From the Chapter 3 verse 39 of the Bhagavad Gita: 

“This is the path of selfless, God-dedicated action. By making this your path, you can live a spiritual life and yet stay fully active in the world. You can remain a [woman or] man of action, achieving your very best, and yet not be caught by the worldly.”

In response to the 2016 election, please heed the fervent pinnacle message of the Bhagavad Gita: “Do your work in accordance with the principles of ahimsa and peace, and let go of results.”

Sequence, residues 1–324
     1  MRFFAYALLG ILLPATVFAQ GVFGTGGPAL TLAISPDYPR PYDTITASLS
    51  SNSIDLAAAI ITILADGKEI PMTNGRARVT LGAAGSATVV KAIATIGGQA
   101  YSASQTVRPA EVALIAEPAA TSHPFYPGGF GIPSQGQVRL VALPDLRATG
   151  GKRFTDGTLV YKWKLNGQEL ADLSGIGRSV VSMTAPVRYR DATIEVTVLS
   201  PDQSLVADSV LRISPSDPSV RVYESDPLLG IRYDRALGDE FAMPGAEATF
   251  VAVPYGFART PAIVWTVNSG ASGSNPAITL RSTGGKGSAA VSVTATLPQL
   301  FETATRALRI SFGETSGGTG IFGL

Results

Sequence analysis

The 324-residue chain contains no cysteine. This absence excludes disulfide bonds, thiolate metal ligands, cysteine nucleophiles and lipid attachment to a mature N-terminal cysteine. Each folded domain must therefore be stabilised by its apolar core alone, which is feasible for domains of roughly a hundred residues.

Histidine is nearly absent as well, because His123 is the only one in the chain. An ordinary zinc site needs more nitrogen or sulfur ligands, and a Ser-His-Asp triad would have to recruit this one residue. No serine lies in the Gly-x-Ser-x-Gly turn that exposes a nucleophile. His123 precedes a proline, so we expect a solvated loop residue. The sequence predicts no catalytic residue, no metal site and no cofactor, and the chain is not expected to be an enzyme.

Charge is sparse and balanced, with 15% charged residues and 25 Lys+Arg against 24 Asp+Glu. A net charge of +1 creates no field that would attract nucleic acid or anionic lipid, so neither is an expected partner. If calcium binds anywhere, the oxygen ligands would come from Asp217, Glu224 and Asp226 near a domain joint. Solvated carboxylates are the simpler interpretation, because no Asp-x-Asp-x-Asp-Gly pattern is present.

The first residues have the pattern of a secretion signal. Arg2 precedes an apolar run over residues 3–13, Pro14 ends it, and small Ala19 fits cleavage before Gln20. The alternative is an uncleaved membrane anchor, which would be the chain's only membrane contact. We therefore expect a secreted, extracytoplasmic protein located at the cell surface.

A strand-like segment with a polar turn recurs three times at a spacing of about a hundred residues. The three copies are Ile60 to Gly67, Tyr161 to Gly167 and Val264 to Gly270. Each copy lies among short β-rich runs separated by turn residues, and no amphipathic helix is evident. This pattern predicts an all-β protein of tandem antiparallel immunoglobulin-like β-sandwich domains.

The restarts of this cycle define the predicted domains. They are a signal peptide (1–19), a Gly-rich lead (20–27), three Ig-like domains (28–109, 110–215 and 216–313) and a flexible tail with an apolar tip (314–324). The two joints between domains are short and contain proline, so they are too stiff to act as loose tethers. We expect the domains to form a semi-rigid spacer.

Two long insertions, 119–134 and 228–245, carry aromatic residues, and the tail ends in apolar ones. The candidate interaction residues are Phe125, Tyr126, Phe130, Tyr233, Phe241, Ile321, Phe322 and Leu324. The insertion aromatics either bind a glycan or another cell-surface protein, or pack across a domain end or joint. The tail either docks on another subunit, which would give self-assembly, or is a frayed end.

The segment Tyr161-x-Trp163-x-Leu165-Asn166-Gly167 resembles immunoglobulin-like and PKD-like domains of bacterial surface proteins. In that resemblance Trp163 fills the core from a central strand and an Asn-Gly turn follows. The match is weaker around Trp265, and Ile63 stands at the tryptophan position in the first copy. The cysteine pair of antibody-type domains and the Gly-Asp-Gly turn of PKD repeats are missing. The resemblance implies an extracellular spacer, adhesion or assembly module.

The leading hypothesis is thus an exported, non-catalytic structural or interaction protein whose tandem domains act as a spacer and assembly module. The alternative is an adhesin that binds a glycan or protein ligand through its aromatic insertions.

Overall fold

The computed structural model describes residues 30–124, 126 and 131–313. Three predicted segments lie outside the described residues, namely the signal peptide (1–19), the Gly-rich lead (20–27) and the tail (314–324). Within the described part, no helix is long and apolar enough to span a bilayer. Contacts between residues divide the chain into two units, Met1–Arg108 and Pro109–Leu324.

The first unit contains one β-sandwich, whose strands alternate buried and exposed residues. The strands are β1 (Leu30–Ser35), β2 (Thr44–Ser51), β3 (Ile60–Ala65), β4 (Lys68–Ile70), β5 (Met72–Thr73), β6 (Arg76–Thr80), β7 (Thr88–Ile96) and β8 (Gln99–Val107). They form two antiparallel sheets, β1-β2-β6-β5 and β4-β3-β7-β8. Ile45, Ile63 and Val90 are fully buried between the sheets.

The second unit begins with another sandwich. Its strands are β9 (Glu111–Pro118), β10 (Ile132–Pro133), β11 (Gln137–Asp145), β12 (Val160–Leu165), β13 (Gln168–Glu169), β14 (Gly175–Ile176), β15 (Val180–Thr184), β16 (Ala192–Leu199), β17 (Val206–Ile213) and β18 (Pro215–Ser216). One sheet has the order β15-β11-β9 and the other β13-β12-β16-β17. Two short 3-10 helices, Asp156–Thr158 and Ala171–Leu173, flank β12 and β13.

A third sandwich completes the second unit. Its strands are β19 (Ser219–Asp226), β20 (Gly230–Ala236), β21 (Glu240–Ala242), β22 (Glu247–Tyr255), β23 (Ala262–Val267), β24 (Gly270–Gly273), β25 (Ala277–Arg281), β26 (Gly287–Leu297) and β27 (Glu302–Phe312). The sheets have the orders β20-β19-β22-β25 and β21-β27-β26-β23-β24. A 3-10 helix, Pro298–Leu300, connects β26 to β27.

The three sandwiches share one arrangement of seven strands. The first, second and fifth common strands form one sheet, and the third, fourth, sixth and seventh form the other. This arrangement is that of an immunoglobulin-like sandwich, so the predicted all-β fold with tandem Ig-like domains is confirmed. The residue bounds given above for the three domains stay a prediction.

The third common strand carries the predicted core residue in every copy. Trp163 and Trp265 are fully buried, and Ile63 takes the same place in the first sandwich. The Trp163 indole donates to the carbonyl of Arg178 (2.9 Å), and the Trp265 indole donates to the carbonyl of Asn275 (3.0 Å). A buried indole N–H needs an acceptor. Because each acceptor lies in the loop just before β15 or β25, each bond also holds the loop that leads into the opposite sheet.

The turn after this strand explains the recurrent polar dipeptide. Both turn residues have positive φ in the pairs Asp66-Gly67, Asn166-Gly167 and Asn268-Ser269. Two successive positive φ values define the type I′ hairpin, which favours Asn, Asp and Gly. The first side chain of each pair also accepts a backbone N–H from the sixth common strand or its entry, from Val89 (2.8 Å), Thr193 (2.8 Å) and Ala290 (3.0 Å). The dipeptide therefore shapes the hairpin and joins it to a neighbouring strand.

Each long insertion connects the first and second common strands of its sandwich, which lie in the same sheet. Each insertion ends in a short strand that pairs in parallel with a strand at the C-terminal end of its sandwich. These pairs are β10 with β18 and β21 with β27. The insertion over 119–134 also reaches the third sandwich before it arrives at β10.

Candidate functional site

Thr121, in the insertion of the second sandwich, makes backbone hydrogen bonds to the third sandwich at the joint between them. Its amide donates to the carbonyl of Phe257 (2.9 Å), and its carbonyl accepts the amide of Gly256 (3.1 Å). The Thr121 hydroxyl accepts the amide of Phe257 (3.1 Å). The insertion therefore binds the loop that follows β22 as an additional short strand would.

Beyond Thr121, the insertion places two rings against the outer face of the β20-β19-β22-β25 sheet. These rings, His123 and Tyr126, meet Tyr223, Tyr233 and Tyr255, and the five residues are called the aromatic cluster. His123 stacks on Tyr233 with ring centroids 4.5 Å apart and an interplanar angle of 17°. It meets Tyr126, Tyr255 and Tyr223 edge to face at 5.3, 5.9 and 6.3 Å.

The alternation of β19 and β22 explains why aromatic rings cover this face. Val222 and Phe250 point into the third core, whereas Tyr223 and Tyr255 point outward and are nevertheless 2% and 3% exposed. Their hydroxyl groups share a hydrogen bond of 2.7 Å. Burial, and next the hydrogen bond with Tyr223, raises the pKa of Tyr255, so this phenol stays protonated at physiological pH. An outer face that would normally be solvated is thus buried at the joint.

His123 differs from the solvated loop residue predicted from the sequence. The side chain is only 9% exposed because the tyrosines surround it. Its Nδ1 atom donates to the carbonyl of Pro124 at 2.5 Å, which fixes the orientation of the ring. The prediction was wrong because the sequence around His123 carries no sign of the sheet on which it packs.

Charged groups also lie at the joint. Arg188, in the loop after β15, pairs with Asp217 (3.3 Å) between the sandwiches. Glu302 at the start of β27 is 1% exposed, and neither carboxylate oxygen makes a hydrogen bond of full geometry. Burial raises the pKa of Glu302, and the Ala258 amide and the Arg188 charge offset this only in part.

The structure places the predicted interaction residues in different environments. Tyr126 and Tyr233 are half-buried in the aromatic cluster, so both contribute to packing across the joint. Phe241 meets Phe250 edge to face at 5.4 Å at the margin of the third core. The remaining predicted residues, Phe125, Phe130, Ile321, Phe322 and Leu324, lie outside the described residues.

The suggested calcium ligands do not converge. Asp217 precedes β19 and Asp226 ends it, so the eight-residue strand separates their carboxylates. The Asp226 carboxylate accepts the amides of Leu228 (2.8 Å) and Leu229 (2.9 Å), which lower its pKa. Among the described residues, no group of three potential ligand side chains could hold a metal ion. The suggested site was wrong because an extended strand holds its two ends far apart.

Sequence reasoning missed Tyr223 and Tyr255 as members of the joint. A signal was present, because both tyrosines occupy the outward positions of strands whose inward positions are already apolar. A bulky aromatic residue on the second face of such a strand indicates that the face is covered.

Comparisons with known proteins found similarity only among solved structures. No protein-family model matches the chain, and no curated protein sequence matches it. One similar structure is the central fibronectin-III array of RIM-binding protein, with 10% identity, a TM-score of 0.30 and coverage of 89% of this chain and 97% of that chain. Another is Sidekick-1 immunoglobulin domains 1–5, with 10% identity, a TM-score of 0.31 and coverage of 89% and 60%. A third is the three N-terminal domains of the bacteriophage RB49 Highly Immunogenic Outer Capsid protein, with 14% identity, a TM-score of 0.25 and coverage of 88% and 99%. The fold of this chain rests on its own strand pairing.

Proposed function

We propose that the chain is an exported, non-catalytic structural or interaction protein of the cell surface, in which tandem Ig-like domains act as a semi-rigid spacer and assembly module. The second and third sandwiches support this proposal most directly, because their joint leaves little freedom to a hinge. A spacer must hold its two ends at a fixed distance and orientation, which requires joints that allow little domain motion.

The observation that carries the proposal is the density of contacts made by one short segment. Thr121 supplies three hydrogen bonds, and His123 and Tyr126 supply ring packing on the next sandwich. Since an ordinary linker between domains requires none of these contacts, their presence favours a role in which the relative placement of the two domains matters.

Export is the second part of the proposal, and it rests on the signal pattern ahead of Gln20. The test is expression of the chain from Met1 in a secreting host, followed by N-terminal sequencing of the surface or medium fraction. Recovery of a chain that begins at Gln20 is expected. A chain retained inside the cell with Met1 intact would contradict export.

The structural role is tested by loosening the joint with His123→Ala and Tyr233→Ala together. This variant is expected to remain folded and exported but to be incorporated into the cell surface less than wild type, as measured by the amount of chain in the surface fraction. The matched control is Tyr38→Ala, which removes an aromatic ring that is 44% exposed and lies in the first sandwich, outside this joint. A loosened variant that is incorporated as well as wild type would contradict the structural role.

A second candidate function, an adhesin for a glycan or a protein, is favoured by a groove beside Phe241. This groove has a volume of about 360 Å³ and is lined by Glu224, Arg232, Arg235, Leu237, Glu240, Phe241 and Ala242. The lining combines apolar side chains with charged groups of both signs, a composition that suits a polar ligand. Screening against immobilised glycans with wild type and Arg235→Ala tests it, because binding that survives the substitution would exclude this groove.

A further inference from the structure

Remember: everything is possible. Millions of human beings are right now awakening to an uplifting of spiritual consciousness.

Thank you for listening to the wisdom of the yoga tradition. Thank you for being open to a worldview that is completely inclusive. If you seek further guidance, I suggest the following thought leaders for inspiration on how to be a Sacred Activist:

Andrew Harvey, Institute for Sacred Activism

Richard Rohr, Center for Action and Contemplation

Happy Moving Foreward. 

-lisa